11. “My neighbour reports that her one-year-old Windows 8 system skinned to Windows 7 keeps dropping its internet connection (wired to my router) and stutters on video playback. I watched Dr Who on catch-up yesterday without noticing any problems on this 8-year-old XP machine.”

    That’s almost entirely about the external stuff, unless they’ve got an old XP-level machine they’ve upgraded, or just a shit PC with inadequate amounts of memory. I run a Win 8 PC skinned to 7 and it works fine for video.

  12. At the workstations, you need little more than a Web browser, and something like Microsoft Office (or an anternative). The interesting stuff runs on dedicated servers, which can run any operating system, that is best suited to your needs. This includes Linux and BSD Unix, which come with their respective source code.

  13. “I have seen a significant number of windows 7 PCs where the updates fail and break, despite being set to update automatically. ”

    This appears to become more common the longer it is since updates were last installed and has been a major problem when attempting to upgrade Win 7 SP1, either from a clean install or a factory reset.

    Some German hackers have built a workaround, Windows Offline Update, which downloads and installs the updates independently of Windows Update.

  14. Sorry, I meant to type “update Win 7 SP1”, not “upgrade”. Still under-caffeinated, clearly.

  15. I had an old laptop running Windows 7 and when MS finally stopped nagging me to update to 10, it gave up updating at all. Left to itself the update process ran constantly while taking 25% of CPU time and turning my little HP into a space heater. After looking around the web and trying all the purported cures without success, I eventually had to use task manger to shut down the process but of course this left my machine vulnerable.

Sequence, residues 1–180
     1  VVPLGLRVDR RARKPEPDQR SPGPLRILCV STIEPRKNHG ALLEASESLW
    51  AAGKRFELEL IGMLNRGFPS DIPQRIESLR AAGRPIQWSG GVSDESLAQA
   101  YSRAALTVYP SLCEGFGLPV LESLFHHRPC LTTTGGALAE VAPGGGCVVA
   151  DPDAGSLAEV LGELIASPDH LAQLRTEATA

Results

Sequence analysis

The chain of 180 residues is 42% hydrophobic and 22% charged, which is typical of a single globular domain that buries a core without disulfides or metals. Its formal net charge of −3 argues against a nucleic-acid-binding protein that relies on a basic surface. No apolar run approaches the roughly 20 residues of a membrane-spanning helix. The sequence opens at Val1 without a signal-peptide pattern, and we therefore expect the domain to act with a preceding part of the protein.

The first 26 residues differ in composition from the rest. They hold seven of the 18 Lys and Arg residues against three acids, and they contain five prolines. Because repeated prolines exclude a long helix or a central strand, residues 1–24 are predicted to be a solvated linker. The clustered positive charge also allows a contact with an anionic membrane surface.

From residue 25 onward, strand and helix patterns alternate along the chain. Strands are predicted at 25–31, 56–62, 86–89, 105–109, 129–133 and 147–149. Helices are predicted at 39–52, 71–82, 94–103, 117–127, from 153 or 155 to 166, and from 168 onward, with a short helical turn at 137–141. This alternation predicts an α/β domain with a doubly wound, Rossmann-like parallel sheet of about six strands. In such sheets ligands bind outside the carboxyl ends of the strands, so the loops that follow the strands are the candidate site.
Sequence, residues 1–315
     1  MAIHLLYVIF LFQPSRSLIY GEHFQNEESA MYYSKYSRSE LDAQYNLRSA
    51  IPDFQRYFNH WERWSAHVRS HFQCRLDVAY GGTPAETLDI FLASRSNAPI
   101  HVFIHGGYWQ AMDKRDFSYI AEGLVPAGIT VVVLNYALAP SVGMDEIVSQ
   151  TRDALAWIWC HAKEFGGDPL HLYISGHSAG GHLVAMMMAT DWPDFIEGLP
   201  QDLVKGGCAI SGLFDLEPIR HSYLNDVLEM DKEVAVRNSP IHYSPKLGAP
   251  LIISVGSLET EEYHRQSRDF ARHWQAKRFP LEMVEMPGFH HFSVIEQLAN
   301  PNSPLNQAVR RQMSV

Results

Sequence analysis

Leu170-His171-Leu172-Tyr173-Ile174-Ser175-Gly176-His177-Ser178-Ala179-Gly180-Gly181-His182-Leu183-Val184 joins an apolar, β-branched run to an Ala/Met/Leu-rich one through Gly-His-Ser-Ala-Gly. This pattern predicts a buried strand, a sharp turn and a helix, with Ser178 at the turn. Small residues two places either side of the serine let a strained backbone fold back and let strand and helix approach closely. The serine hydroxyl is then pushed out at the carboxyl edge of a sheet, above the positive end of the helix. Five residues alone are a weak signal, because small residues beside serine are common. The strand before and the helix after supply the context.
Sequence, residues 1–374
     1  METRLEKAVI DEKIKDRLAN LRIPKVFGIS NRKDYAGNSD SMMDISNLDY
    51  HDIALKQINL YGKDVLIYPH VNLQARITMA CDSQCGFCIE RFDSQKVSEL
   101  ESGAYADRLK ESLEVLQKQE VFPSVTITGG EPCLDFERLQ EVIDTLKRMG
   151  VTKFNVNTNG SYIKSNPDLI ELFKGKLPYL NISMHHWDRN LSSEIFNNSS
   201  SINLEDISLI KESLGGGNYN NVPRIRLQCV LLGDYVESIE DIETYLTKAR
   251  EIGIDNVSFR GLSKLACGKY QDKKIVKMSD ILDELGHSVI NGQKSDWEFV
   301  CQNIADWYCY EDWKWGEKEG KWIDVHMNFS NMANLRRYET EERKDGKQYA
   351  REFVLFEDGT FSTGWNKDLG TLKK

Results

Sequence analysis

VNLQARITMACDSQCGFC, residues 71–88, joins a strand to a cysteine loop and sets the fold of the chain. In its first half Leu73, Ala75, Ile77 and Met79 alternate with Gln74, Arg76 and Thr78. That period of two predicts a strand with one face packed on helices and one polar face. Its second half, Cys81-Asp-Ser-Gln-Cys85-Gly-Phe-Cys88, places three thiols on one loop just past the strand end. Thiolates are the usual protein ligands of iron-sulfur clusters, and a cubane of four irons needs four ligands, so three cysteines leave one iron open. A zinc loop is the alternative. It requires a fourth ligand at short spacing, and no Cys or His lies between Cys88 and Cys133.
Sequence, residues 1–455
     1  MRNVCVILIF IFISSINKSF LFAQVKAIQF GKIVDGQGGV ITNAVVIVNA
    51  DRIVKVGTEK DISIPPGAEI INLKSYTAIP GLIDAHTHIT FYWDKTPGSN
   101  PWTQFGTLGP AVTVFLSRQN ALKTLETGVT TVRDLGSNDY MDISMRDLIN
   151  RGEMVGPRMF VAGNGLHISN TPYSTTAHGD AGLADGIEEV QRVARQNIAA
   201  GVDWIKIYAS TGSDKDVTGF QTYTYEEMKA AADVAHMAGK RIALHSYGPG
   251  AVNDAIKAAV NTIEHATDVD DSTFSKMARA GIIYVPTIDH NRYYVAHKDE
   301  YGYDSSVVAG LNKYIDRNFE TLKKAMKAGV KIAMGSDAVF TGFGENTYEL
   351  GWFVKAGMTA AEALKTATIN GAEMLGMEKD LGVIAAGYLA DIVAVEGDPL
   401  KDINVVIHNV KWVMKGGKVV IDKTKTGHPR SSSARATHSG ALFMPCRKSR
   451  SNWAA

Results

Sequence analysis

Fortunately(?) the machine turned up it’s toes before the great ransomware attack, (it stopped reading the qwert part of the keyboard which included one of the letters in my password), so I bought a new machine and now enjoy all the delights of Windows 10.

    It took two hours to update the OS yesterday.

  16. ‘The first is why the NHS was at risk because so many of its units were running machines using Windows XP that has not been supported by Microsoft for years?’

    Microsoft never stopped security updates. That they don’t support the software any more is a non sequitur. [Others have said NHS wasn’t even running XP. Murphy is stupid wrong.]

    ‘Second, it is fair to ask is why Microsoft can leave the world at risk by not supporting its software?’

    No one supports RSX-11M anymore. Get over it.

    But supporting its software and creating security updates are two different subjects. For the topic at hand, a virus attack, Microsoft, with its security updates, DOES support the software.

    ‘Third, it’s appropriate to ask what economic system can result in such a combination of circumstances arising?’

    The combination didn’t arise, dumbass.

    Free enterprise. The alternative is to not have computers and software. Back to the abacus, dumbass.